Matthew Buckingham's three installations each provide a video take on a historical narrative. One is about 18th-century feminist Mary Wollstonecraft, another about Louis Le Prince, the 19th-century French inventor of the earliest motion picture projector. A third, and the one I found most compelling, is a dual slideshow illustrating the life of early 20th-century lesbian author and psychologist Charlotte Wolff titled Everything I Need. A screen on the left spills images of an airplane that may resemble the one Wolff took from London in 1978 on her first trip back to Berlin after being exiled from Nazi Germany. It's a snapshot of '70s interior design, with orange upholstery, metal ashtrays in pea-soup-green armrests, and a squat, egg-shaped portal looking out. The plane looks both futuristic and retro—a fact that pairs quite nicely with the text from Wolff's autobiography, Hindsight, which appears on the right-hand screen, one or two sentences at a time. Wolff's clear language reflects her strong political views as well as her place in history, and you have to be careful to navigate your attention between the two screens to keep up.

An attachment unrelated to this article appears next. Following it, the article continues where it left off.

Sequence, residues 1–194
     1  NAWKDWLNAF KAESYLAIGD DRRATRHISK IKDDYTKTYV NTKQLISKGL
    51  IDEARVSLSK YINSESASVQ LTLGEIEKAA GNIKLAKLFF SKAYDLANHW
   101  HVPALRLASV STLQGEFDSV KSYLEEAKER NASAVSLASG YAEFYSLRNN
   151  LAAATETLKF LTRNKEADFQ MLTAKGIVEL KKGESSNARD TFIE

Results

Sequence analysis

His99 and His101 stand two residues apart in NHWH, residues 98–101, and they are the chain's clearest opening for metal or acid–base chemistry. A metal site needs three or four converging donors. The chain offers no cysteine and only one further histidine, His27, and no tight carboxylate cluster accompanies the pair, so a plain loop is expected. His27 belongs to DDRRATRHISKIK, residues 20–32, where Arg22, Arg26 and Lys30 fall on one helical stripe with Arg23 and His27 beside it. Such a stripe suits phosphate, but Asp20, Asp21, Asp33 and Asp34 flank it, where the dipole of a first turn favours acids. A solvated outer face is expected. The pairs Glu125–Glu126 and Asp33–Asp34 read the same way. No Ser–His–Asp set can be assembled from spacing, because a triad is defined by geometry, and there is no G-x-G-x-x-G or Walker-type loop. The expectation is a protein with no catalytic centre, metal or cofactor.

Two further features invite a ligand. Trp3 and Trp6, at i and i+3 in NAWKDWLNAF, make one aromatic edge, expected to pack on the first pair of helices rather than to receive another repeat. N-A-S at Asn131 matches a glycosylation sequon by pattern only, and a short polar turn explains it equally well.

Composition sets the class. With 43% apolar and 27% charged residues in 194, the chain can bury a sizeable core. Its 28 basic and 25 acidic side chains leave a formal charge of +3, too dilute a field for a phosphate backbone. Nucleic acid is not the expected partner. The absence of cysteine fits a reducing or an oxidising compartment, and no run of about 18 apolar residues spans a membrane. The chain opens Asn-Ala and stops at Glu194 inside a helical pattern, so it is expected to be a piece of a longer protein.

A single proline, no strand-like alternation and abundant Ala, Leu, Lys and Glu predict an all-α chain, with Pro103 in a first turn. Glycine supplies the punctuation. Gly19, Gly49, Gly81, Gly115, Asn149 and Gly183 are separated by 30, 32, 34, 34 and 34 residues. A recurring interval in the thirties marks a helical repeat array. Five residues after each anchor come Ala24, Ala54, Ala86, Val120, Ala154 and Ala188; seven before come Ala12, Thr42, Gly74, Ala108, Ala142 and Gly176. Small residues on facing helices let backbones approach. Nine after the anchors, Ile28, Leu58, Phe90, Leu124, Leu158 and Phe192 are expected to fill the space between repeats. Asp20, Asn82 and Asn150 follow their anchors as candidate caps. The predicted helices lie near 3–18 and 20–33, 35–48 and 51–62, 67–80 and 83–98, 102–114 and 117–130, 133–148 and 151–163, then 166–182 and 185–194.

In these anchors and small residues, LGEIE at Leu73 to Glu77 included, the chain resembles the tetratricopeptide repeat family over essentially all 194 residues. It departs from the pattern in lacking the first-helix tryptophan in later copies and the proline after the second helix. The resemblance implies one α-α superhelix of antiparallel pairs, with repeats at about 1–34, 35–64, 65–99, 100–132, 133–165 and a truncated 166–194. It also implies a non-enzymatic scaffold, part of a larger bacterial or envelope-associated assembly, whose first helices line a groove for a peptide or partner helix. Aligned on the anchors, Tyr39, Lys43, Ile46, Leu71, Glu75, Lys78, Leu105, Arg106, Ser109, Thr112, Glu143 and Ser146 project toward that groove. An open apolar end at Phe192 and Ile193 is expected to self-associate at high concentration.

Henry Art Gallery, 15th Avenue Northeast and Northeast 41st Street, 543-2280, www.henryart.org. $10. Tues.–Sat. Ends Sept. 21.